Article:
If you’ve ever stood by an old single-pane window on a cold day, you may have noticed that the cold passes right through it. That’s because glass is a poor insulator, allowing virtually free heat exchange. Similarly, your wood or metal garage door becomes like a wall of ice on freezing cold days, and that cold transfers into the rest of the house. Additionally, your home’s heat escapes through the uninsulated garage door.
To make your garage more comfortable and save money on your energy bills, insulate the garage door. Follow along as we walk you through the process.
Before heading over to the home improvement store to pick up supplies, consider which type of product is best for insulating your garage door. The best choice depends on your climate, garage location, and type of door. Insulating capability is measured in R-values — the higher the R-value, the more resistant it is to changing temperatures. Therefore, those in colder regions should use insulation with a higher R-value.
- Wooden and uninsulated metal garage doors insulate poorly relative to modern steel garage doors. If you have either of those types, insulating them should be a top priority for home energy efficiency.
- For wooden doors, rigid insulation panels work best, but you can use virtually any type of insulation for metal doors.
- Detached, unheated garages will be fine with low R-value insulation anywhere between R-0 and R-6. As long as you don’t use the space for lounging, you don’t need to insulate it extremely well.
- Attached, unheated garages need R-7 to R-9 insulation, since climate control in this space affects the home’s heating bill.
- Use R-10 to R-13 for heated garages to prevent costly heat from escaping.
- Any garage with living space above it should have R-14 insulation on the door.
- Garage door insulation kits include pre-cut insulation and fasteners. Some also include gloves and utility knives.
A clean, dry door surface is essential for adhesive fasteners to work properly. Wash, rinse, and let the door dry thoroughly for at least several hours before attempting to install insulation.
What you will need
- Fiberglass batting garage door insulation kit (2 per 16-foot wide garage door), OR
- Fire-rated polystyrene foam insulation panels
- Replacement top and side seal weather stripping
- Replacement bottom seal
Step 1: Measure and mark the door
Either two clips or two pins per panel holds the insulation in place. These fasteners mount to the door with adhesive backing or double-sided tape. On each door panel, measure and mark the locations for the two fasteners, one on each end, about 12 inches in from the ends and midway between the horizontal rails.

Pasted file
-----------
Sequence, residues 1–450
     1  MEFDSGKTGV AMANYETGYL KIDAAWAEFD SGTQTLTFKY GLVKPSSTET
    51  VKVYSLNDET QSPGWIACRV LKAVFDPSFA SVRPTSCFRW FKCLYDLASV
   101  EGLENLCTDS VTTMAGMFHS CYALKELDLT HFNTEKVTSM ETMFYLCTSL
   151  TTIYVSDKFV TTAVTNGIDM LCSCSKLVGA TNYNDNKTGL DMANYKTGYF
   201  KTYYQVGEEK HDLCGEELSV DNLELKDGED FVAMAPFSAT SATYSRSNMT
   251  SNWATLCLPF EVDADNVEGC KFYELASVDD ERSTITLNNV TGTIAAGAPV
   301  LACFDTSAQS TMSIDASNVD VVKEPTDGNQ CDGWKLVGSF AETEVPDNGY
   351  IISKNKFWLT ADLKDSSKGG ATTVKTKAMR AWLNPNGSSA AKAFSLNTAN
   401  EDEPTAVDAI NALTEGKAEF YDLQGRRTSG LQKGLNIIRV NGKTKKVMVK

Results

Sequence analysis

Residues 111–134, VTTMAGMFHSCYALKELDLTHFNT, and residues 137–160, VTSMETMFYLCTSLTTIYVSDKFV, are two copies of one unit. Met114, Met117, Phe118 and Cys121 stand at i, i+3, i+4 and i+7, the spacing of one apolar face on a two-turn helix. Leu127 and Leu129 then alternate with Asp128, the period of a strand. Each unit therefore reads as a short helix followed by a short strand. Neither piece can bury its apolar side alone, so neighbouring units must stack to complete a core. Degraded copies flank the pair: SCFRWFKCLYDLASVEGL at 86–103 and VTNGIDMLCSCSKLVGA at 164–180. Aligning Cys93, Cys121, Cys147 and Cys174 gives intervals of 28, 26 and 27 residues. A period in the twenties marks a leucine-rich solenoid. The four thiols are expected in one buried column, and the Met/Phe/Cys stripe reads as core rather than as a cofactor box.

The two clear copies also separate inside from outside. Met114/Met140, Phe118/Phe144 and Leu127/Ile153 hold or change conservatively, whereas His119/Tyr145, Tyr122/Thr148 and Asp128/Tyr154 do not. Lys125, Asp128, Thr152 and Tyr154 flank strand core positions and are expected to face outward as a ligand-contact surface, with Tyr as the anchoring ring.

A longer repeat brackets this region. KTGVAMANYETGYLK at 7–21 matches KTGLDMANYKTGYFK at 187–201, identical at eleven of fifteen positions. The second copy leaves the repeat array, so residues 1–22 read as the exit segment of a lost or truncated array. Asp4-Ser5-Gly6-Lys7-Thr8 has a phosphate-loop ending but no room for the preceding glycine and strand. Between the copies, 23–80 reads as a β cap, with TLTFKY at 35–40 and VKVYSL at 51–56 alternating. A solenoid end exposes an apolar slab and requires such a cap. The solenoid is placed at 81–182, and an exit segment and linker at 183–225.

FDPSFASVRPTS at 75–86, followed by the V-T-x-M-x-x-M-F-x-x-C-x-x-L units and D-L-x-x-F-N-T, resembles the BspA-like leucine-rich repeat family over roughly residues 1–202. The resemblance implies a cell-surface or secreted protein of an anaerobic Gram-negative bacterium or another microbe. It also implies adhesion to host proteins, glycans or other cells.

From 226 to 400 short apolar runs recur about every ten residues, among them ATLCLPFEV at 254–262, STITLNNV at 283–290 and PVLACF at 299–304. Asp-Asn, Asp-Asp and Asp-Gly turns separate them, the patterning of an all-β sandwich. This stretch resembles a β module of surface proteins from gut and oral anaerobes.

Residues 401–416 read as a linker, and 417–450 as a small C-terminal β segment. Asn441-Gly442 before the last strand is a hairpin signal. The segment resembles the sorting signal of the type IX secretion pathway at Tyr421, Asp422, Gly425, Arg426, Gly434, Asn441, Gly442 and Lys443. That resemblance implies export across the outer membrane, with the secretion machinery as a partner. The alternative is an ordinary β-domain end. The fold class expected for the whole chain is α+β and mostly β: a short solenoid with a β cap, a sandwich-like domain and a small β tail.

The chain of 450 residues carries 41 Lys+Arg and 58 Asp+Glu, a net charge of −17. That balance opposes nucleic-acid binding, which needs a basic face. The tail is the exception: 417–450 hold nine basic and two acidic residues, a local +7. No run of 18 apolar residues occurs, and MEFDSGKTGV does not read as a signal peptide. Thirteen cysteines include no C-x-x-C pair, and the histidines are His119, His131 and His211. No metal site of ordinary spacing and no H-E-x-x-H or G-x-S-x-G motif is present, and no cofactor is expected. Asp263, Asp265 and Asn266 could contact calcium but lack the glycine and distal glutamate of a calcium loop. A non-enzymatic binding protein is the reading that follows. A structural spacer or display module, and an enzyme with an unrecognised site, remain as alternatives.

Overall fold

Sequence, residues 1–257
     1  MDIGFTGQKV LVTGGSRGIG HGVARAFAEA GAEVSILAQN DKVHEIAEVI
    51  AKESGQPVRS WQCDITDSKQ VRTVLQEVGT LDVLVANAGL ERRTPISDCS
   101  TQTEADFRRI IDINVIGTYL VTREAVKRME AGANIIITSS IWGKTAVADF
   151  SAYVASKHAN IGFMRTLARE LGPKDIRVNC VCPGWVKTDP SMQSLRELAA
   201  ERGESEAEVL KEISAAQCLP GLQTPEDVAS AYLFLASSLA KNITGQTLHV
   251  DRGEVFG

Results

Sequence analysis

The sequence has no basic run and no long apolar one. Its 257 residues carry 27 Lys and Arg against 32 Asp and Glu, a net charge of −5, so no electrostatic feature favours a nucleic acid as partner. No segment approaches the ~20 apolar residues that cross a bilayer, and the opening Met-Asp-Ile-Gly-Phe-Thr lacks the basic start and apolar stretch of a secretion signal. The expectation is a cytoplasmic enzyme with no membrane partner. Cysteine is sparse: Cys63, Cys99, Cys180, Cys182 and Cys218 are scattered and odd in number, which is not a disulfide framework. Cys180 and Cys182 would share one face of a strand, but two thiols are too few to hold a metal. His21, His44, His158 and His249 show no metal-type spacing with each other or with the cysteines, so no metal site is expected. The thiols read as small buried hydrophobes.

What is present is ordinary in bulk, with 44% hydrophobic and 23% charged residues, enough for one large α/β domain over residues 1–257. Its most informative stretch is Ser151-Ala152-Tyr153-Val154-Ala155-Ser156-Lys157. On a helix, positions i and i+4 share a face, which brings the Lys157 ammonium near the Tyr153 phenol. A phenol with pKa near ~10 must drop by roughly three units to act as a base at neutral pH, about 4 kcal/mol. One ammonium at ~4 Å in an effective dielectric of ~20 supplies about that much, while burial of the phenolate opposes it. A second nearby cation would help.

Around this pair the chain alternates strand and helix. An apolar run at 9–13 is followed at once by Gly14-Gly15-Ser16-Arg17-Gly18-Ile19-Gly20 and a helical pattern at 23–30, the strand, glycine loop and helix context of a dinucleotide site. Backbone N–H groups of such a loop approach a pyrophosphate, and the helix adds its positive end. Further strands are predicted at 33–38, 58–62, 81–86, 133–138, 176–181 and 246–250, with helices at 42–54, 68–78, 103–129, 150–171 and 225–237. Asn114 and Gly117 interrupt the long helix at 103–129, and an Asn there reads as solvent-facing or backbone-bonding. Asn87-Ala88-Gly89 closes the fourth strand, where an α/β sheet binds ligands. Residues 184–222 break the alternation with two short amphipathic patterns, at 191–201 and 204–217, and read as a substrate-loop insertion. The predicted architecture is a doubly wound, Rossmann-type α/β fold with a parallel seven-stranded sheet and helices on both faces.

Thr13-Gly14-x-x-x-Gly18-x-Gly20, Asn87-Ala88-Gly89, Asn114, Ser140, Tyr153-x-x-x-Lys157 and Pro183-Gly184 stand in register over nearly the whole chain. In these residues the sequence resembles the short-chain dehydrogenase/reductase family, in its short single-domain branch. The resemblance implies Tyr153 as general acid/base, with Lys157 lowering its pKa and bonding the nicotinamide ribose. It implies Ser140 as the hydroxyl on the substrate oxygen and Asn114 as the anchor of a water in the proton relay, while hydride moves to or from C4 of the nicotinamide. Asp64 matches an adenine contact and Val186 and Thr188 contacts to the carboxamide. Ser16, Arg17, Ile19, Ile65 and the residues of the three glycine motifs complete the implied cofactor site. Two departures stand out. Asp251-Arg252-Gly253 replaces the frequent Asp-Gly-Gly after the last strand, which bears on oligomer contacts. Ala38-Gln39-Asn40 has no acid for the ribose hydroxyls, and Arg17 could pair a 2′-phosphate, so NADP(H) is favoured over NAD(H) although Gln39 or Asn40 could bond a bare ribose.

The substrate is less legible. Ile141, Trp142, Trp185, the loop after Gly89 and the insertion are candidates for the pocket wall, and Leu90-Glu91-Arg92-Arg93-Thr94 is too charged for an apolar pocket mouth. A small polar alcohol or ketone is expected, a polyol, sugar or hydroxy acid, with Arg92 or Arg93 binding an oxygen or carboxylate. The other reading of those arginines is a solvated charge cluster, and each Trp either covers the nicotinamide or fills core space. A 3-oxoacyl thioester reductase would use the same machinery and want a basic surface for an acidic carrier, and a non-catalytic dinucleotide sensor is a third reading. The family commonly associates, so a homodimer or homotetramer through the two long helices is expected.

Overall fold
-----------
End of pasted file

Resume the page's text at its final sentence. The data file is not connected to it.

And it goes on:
Step 2: Install retainer clips or retainer pins
For fasteners with adhesive backing, peel off the paper covering and press the base onto the marked locations on the garage door panels.
For those using double-sided tape, first cut the tape to the proper length and press the tape onto the marked locations on the panel. Then remove the paper covering and press the fastener onto the tape.
Step 3: Cut the insulation panels to size
Protect yourself against skin and eye irritants. Wear gloves and safety glasses while handling insulation.
Measure each door panel individually, as they may not be the same size. Roll out batting insulation on a piece of scrap plywood with the vinyl side down. Measure and mark the cut lines according to the first door panel’s measurements, leaving one to two extra inches in length. Compress the insulation with a straight edge and cut it with a utility knife.
Step 4: Hang the insulation on the garage door
Following the individual panel measurements, mount each insulation piece on the proper panel with the vinyl side facing outward. If the insulation has a reflective radiant barrier, that side should face outward.
For installation with retainer pins, line up the insulation so that it is centered between the side rails and runs end to end. Push it against the retaining pin until it punctures the vinyl. Then push the cap over the pin until it snaps into place.
For installation with retainer clips, line up the insulation as noted above. Push the insulation flat against the door and feel for the clips. Use the utility knife to slice small slits through the insulation for the clips to pass through. Attach the clip caps to the clip-backs to secure the insulation.
By following these directions, your garage will be much cozier this winter — and your heating bills much lower.
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